The impact of student moves on districts are apparent in the results of the state’s accountability system, with many low-performing districts posting high mobility numbers.
All but three school districts facing the end of the state’s timeline for making drastic performance improvements have mobility rates above the state average. Many had mobility rates over 20 percent, meaning more than one in every five students would move during the school year.
“Some schools of thought [say] that districts with high mobility rate, that contributes to their performance challenges,” said Martinez.
Vilas and Karval, the two districts who will see the clock run out on their turnaround efforts this year if they don’t improve, were both in the top 15 most mobile school districts in the state for several years in a row. Both districts have large online schools, which have a track record of high mobility and low performance.
The state only started tracking mobility in 2007, in an effort to fill a need identified by school districts. Districts felt it was a crucial metric that was not considered in evaluating performance (officials said mobility is sometimes internally tracked by districts but not in state accountability systems).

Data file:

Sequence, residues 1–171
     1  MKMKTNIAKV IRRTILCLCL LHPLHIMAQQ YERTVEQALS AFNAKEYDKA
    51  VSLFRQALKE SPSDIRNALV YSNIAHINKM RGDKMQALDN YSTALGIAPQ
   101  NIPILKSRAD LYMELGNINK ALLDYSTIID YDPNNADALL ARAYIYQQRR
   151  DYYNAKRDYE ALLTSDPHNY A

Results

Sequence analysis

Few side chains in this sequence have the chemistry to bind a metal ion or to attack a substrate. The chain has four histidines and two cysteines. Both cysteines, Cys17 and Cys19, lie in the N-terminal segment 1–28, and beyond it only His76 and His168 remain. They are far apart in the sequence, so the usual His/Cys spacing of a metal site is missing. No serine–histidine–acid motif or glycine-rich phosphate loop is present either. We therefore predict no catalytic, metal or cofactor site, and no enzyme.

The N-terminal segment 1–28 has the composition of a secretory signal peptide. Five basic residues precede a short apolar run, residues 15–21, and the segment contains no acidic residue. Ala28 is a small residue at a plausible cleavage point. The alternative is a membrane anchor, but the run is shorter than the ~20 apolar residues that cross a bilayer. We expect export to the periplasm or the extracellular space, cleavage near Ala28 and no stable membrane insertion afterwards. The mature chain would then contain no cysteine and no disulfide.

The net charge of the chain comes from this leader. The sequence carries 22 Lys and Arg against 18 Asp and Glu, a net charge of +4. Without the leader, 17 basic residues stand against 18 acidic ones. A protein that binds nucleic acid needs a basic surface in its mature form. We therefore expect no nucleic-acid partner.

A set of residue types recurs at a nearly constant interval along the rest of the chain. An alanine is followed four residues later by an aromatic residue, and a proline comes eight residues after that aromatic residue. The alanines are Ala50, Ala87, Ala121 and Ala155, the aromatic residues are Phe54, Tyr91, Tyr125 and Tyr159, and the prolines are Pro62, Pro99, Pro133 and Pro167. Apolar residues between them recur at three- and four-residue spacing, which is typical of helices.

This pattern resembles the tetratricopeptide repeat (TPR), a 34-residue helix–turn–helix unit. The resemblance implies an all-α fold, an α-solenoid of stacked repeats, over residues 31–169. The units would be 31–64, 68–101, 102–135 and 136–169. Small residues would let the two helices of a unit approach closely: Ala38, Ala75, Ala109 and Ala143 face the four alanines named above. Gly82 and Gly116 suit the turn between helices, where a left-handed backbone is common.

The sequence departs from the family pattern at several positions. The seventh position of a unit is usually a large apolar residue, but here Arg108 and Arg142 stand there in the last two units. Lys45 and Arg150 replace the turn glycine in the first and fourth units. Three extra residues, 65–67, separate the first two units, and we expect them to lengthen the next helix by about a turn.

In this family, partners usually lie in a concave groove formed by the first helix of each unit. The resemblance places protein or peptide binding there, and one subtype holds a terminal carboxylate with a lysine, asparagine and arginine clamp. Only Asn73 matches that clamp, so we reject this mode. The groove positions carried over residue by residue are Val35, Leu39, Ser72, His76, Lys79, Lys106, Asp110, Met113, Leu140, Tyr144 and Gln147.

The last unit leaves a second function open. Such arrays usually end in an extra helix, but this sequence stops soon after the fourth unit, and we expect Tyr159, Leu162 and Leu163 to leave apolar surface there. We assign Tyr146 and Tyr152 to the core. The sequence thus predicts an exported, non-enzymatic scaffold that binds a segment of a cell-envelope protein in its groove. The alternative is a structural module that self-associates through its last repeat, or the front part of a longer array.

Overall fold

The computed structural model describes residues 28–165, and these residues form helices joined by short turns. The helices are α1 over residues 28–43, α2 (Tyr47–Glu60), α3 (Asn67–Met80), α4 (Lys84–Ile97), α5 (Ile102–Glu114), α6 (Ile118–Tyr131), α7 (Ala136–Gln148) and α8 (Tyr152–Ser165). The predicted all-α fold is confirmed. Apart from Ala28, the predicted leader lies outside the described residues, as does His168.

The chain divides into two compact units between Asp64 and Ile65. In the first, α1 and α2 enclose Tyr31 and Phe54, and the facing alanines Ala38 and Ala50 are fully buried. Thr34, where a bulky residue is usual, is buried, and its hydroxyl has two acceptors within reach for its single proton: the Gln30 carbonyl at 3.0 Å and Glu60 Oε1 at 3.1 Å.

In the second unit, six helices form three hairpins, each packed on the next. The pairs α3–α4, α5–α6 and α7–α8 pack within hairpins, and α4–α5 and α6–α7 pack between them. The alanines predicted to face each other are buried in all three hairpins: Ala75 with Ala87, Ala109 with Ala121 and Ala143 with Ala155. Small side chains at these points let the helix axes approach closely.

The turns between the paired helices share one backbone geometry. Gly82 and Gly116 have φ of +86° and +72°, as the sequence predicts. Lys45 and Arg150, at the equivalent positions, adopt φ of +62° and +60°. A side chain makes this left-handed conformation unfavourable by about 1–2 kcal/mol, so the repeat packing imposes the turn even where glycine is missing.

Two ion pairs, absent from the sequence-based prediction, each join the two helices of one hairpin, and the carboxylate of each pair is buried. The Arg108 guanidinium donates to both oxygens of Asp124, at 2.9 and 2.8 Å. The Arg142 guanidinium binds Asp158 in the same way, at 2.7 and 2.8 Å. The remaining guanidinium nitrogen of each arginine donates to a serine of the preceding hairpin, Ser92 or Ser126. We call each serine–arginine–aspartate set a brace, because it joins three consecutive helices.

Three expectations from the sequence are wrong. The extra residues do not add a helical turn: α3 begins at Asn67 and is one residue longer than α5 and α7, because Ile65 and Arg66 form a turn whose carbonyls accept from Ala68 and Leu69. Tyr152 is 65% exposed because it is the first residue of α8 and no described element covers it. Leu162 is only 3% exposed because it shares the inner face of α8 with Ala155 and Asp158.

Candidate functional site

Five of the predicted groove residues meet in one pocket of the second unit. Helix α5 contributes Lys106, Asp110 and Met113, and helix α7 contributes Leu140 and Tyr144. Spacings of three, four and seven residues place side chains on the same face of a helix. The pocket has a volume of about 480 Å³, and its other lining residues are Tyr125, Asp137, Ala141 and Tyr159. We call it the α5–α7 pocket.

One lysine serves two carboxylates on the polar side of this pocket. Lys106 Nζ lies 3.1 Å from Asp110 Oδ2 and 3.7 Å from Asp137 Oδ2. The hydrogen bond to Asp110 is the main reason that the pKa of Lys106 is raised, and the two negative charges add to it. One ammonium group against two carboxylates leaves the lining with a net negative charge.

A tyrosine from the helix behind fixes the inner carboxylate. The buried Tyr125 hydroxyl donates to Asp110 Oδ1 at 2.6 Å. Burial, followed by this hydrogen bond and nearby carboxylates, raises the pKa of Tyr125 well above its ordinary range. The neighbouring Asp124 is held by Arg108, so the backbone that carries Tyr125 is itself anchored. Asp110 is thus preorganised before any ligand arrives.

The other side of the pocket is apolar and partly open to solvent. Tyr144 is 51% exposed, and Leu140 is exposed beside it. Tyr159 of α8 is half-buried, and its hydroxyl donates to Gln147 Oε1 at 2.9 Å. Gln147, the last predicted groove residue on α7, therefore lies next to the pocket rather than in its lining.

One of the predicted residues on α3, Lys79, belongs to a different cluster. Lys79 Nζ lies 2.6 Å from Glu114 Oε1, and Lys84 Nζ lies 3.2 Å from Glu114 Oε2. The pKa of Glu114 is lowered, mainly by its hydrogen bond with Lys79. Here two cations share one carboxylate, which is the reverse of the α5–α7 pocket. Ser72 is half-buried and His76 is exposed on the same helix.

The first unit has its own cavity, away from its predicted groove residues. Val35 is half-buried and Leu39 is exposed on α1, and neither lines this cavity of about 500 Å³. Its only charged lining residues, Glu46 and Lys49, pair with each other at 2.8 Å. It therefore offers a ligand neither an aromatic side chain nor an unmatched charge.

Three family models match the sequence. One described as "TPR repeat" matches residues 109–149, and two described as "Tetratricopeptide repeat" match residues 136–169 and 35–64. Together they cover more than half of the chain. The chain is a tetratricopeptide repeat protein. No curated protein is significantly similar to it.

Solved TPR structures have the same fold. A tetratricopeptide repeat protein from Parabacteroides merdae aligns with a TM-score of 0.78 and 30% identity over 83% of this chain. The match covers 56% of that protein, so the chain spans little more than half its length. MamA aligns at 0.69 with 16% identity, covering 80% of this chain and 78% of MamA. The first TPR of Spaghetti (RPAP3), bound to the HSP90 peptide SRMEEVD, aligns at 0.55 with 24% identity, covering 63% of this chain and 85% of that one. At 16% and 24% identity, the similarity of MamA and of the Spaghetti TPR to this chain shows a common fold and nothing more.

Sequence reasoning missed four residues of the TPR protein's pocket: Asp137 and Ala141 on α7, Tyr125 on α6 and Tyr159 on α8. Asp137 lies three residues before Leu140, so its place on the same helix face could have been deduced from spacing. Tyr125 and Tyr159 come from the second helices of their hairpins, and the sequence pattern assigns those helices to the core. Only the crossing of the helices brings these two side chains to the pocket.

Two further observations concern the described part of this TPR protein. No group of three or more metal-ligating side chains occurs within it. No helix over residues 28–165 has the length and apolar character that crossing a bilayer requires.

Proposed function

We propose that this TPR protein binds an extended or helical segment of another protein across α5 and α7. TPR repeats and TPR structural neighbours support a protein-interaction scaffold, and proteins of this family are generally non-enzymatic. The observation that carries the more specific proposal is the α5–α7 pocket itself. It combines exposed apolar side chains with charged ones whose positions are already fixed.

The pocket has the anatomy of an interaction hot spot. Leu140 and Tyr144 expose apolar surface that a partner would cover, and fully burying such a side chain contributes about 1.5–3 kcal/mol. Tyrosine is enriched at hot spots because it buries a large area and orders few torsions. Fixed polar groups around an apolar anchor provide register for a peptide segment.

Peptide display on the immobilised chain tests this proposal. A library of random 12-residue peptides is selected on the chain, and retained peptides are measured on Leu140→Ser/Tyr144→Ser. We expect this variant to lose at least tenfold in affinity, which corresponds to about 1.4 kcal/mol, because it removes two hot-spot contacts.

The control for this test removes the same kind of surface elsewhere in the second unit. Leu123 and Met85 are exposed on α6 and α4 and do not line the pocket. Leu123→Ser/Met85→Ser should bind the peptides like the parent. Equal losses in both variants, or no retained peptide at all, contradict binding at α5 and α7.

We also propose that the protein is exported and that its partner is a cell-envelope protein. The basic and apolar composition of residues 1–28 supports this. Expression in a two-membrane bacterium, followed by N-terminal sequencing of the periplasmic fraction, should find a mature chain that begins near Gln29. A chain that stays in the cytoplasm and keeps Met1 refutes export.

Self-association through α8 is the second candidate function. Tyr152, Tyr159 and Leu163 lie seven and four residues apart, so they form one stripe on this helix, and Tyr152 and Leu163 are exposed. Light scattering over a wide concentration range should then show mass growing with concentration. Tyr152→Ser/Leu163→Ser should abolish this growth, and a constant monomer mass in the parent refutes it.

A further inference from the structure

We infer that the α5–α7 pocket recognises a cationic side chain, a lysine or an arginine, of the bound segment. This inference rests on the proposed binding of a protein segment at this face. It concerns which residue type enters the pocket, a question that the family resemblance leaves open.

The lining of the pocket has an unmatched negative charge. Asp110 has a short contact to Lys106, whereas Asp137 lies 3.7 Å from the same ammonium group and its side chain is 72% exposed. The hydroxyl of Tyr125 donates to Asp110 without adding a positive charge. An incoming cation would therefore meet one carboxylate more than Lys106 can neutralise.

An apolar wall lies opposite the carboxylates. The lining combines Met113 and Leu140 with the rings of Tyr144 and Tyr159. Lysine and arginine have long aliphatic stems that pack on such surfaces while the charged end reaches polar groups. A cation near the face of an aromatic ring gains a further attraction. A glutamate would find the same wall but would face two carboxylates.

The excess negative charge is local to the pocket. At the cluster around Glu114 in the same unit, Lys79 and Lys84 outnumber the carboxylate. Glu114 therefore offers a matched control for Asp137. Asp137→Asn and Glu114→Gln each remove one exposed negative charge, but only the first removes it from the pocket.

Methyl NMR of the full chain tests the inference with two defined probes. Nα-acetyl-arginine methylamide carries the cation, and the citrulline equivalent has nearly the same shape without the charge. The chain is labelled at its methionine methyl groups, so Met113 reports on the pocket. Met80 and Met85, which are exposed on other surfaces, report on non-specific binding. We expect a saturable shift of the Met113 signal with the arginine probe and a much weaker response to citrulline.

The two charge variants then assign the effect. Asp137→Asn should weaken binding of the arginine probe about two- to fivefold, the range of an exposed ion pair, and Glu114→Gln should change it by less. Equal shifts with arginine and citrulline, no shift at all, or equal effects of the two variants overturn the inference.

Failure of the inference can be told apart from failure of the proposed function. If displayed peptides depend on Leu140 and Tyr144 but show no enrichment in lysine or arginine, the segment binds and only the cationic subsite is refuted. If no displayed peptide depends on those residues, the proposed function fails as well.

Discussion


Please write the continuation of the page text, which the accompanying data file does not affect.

Top level fixes
Officials at the state and national level have made changes in recent years aimed at both reducing mobility and easing the transition between districts.
One significant move was the introduction of statewide codes for courses, with the goal of easing credit transfers between districts.
For example, explains Martinez, “let’s say in Walsenberg, they have a course they call ‘solar flares, sunbursts and snow caps.'” If a student were to move to another school district, officials might not know whether it meets their requirements for a science course students need to graduate.
“Now with the common course code, you can name your course anything what you want but it will still count towards [that requirement],” said Martinez.
There have also been efforts at the national level to minimize transitions for the traditionally highly mobile foster care population.
The 2008 Fostering Connections and Adoptions law requires caretakers to keep foster students in the same school when their placements change, as long as it is in the students’ best interest. It also mandated, in the event of a transition, that the student’s record be transferred promptly, a process which currently can take as long as a month.